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72283-01 - Seminar: Rememories and Reimaginaries – Hip-Hop and Street Art as Urban Counterculture 3 KP

Semester Frühjahrsemester 2024
Angebotsmuster einmalig
Dozierende Marie Migeon (marie.migeon@unibas.ch)
Pius Jonas Vögele (pius.voegele@unibas.ch, BeurteilerIn)
Inhalt Over the past few decades, street art has entered art galleries and grown into a lucrative business. Furthermore, it is strategically being used as a means to make neighbourhoods hip and as such can become an ally of gentrification. Nevertheless, there remains a strong potential of art in urban spaces to challenge hegemonial historical narratives of remembering the past, and as a means to imagine alternatives to the present and trajectories of the future. Whether it is being called graffiti, street art or urban art, these alternative forms of visual artistic expression form part of countercultures in many cities around the world, with brushes and pens as tools of cultural resistance. Initially having emerged out of the precarious living conditions of planned urban spaces in the US, graffiti has rapidly spread globally with the advent of documentaries such as Wildstyle (1983) or Style Wars (1983) as part of a popularization of Hip Hop all over the world. While Hip Hop is undeniably a global culture, it finds unique ways to incorporate the local and regional contexts, and as such is a distinctly forceful expression of glocalization.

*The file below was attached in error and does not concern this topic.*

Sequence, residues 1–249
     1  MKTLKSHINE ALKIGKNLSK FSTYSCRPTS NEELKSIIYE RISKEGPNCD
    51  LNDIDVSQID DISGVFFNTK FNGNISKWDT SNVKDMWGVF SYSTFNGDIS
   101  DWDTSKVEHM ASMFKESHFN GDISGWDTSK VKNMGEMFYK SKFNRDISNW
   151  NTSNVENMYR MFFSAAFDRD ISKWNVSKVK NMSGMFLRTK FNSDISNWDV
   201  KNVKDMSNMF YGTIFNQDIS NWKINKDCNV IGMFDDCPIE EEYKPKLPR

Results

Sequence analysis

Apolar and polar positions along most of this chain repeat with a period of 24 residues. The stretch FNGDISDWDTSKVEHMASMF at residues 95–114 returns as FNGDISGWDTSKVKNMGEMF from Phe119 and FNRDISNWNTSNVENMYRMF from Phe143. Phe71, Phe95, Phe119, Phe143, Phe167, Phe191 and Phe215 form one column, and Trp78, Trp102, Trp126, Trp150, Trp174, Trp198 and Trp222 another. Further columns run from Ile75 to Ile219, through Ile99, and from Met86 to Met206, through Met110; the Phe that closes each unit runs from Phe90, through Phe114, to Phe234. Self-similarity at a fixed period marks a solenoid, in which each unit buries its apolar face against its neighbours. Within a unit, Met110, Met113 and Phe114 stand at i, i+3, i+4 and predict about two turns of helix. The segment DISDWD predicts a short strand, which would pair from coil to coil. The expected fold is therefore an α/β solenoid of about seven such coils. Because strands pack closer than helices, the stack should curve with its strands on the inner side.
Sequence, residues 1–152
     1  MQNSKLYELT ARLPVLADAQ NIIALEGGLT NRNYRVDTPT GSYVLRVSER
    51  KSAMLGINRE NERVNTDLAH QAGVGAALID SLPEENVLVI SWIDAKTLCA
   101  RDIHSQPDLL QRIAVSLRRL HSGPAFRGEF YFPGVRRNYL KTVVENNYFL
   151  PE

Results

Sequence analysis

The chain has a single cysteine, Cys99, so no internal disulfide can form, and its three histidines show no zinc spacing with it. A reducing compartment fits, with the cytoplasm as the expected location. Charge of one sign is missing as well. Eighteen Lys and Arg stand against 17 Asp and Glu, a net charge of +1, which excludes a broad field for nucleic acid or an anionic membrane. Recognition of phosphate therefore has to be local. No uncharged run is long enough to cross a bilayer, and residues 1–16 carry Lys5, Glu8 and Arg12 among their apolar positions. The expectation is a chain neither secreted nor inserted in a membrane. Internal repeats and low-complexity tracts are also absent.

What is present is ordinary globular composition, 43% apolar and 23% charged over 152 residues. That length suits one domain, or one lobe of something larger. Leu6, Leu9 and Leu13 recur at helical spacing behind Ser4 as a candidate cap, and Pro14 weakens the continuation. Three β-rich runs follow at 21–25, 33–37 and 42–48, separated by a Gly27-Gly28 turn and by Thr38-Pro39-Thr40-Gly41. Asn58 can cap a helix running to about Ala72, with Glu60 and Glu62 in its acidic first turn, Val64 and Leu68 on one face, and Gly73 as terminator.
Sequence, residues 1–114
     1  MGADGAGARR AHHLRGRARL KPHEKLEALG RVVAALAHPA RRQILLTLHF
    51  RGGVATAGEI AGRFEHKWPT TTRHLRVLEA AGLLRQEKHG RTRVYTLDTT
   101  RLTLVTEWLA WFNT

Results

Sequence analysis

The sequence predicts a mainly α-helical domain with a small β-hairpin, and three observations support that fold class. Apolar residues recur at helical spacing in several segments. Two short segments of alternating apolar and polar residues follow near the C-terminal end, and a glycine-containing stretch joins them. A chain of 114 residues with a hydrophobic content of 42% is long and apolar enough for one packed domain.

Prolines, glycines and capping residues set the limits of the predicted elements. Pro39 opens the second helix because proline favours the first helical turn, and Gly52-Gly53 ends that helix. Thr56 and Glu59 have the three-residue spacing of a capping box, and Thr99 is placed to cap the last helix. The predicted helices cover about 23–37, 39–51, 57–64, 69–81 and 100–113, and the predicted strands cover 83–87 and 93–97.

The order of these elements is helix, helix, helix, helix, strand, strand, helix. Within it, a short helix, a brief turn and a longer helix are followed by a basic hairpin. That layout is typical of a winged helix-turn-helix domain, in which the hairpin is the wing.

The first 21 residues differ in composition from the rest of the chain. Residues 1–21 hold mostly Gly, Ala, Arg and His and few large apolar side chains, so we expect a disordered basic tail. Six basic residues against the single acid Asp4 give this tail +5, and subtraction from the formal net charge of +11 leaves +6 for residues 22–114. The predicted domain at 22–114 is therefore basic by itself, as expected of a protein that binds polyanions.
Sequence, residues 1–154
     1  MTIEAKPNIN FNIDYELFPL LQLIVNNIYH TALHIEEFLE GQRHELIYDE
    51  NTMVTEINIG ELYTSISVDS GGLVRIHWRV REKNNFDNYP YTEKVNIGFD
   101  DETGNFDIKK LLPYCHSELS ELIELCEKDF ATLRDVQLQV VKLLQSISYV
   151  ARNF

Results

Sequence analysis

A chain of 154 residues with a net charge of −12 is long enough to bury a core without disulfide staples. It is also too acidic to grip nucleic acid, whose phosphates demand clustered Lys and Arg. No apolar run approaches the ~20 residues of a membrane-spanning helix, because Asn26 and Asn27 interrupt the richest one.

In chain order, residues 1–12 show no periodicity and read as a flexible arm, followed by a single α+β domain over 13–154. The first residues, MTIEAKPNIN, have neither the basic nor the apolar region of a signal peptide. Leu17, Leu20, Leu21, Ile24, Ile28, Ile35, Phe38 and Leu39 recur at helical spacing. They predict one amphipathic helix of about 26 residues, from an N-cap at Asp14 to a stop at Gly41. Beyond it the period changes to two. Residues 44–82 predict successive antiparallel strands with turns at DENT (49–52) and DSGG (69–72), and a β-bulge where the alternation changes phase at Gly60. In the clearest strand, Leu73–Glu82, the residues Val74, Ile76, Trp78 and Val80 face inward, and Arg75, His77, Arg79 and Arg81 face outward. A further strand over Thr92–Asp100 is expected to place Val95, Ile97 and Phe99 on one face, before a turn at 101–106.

Since Hip Hop and street art originated outside of mainstream media and art, it has been particularly embraced by people on the margins and to honour people at the margins, amplifying suppressed voices within oppressive systems of economic, ethnic or racial segregation, such as apartheid. From murals memorializing erased histories of dislocation or forced removals, to performances in public spaces such as parks or street corners, this course will explore their political, social and cultural aspects across a range of geographical spaces in Africa, Europe and Latin America.
This course approaches visual art in the urban space, such as murals, as objects of study in their own right. The course will be anchored in cultural studies, political studies, and history, with students from all disciplines of social sciences encouraged to participate. Furthermore, a broader conception of graffiti writing as a disruptive tool of re-inscription into the public sphere allows for connecting it to the textual in hip-hop music. We will first look at the ways in which hip-hop songs, murals and graffiti have been a means to remember those usually forgotten in official narratives of remembering, and how they have been creating alternate stories of the past. Then, we will also look at the way street art and hip-hop are ways for artists to (re)imagine futures for their communities, bringing new ideas and people into public spaces of art and politics. Finally, the course will also highlight the interconnectedness of these forms of art, the way they enable people from different places in the world to work together and learn from each other. As such, the role of digitalization, particularly social media, will be taken into account.
The weekly seminar will follow different case studies, where hip-hop and street art have been applied as prominent political, social and cultural tools. To this end, we will explore different interdisciplinary methodologies, such as visual methods and close reading. As part of the seminar, we intend to take the class to an immersive tour through Basel as a half-day excursion (tentatively planned for 13.04.2024), to experience art in the streets, both legal and illegal, in order to reach an understanding of the politics involved.
The seminar will be divided in three blocks: remembering, reimagining and interconnecting. Over these three blocks, students will encounter different case studies and develop their understanding of art beyond aesthetics, exploring its political, cultural and social dimensions.